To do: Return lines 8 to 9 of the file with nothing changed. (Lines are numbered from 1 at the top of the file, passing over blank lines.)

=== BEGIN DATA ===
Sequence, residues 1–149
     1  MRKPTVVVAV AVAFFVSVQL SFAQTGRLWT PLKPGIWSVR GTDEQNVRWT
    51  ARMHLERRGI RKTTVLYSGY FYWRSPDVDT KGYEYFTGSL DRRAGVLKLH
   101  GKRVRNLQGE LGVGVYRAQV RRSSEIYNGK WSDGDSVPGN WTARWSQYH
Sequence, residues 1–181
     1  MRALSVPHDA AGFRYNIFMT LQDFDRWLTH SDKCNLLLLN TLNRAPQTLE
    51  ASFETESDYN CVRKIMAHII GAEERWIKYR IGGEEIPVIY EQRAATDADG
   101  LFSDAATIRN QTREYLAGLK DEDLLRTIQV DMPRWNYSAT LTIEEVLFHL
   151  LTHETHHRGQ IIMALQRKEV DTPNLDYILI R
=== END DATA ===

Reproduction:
   101  LFSDAATIRN QTREYLAGLK DEDLLRTIQV DMPRWNYSAT LTIEEVLFHL
   151  LTHETHHRGQ IIMALQRKEV DTPNLDYILI R